Washington (CNN) - A majority of Americans would support a move by the United States and other allies to establish a no fly zone in Libya, according to a new national poll.
But a CNN/Opinion Research Corporation survey also indicates that most of the public would oppose a move to send ground troops to fight in the civil war in the north African nation. The poll, released Monday, also suggests Americans are divided on how President Barack Obama is handling the crisis.
Full results (pdf)
Fifty-six percent of Americans say they would favor the U.S. and other allied countries establishing a "no-fly zone" in Libya, with four in ten opposed. The move would allow U.S. aircraft or missiles to shoot down
Libyan airplanes and attack Libyan airbases in order prevent the country's embattled leader, Moammar Gadhafi, from using his air force to attack rebel troops.
Forces loyal to Libyan leader Moammar Gadhafi have been fighting to recapture towns from the rebels since an uprising began last month. Pleading for international help as they continue to lose ground to pro-Gadhafi forces, rebels are asking for a no-fly zone that would theoretically thwart airstrikes.
The Arab League voted Saturday to back a no-fly zone "to protect the civilian population" in Libya. The U.S. and other western powers have said any action by the international community, including a no-fly zone, would have to have regional support and a clear mandate from the United Nations.
According to the poll, only 32 percent of Americans would support U.S. air strikes in Libya without an attempt to establish a "no-fly zone," with 62 percent opposed.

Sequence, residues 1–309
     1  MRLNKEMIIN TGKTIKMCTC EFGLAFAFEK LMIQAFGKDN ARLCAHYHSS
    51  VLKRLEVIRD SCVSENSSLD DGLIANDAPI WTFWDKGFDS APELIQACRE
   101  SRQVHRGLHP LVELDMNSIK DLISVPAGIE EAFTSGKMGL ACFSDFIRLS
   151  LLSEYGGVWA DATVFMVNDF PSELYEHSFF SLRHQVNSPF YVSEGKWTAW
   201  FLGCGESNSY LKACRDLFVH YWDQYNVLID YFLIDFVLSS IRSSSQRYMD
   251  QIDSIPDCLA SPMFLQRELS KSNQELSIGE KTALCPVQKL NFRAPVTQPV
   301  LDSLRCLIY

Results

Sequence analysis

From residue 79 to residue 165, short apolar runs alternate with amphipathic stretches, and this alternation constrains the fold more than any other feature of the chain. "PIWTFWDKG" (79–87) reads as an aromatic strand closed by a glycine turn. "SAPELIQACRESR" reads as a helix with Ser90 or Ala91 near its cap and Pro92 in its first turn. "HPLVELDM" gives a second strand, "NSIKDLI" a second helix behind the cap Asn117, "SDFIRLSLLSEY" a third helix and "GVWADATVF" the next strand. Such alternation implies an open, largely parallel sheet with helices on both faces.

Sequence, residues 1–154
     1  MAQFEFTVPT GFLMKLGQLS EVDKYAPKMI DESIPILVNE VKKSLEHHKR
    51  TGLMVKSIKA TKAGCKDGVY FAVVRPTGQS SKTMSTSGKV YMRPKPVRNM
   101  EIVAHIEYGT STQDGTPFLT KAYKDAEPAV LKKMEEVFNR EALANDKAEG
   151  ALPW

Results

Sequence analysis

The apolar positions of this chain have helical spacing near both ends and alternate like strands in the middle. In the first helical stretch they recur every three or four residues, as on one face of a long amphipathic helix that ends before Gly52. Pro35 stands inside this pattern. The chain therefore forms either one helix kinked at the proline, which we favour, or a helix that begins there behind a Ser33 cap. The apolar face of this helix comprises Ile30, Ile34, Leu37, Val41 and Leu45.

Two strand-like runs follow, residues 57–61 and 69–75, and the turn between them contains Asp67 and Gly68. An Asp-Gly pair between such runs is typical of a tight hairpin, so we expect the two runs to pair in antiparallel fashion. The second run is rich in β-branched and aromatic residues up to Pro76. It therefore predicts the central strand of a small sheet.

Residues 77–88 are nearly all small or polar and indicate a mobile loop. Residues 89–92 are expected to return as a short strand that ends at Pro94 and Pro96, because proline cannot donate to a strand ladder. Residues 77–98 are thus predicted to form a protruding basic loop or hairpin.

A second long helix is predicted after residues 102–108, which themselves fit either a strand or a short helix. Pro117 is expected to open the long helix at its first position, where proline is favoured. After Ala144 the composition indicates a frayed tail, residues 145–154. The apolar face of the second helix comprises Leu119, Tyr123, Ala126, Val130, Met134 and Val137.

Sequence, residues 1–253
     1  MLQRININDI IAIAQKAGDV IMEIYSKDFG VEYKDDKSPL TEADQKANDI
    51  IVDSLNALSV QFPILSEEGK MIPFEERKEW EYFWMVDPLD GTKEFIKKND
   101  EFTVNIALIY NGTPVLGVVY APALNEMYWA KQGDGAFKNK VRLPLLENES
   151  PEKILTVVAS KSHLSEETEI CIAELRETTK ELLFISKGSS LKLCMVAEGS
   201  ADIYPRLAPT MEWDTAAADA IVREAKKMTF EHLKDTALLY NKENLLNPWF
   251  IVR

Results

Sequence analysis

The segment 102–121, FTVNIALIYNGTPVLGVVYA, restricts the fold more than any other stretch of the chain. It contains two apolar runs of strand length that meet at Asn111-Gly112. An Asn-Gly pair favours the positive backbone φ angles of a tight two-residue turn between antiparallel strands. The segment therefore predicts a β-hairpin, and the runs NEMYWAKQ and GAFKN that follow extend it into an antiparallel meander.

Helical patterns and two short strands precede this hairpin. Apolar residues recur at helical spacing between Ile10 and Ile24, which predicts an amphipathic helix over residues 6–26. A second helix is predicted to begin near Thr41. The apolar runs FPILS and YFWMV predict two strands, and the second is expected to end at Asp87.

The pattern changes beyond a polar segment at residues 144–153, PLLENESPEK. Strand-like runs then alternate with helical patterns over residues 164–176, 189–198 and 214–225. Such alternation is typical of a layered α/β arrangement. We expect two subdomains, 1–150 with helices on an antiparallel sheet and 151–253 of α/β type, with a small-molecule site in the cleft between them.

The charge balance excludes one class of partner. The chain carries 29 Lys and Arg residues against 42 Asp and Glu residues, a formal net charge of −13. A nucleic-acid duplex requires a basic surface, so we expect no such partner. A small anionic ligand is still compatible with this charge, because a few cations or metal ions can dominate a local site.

The survey indicates there is vast opposition to injecting U.S. ground troops into the conflict, with 76 percent saying they would oppose such a move. But 53 percent say they would favor Washington and other countries sending arms and supplies to the Libyan forces fighting to remove Gadhafi from power.
"The no-fly zone wins support from Democrats and Republicans alike, with virtually no partisan differences. That's rare in politics these days," says CNN Polling Director Keating Holland. "A gender gap does exist though, which is typical for questions on military action. More than sixty percent of men favor a no-fly zone, compared to 50 percent of women."
The survey indicates that Gadhafi himself is extremely unpopular, with more than seven in ten Americans holding an unfavorable view of the Libyan leader.
"But he is apparently no Saddam Hussein," adds Holland. "In 2002, six in ten said that removing Saddam from power in Iraq was a very important goal for the U.S.; today only one in four think that it is very important for the U.S. to remove Gadhafi from power."
According to the poll, three-quarters of Americans say that international organizations or allied countries should take the lead role on Libya, with only 23 percent saying the U.S. should be in the driver's seat when it comes to Libya.
Forty-five percent of those questioned say they approve of how the president's handling the crisis, with four in ten saying they disapprove of how Obama's dealing with the situation.
"Fifteen percent of Americans don't have an opinion on Obama's policies on Libya - that's about four to five times higher than the "don't know" response when CNN has asked Americans to evaluate Obama on nearly all major issues," says Holland.
The CNN/Opinion Research Corporation poll was conducted March 11-13, with 1,023 adults nationwide questioned by telephone. The survey's overall sampling error is plus or minus three percentage points.
–CNN Deputy Political Director Paul Steinhauser contributed to this report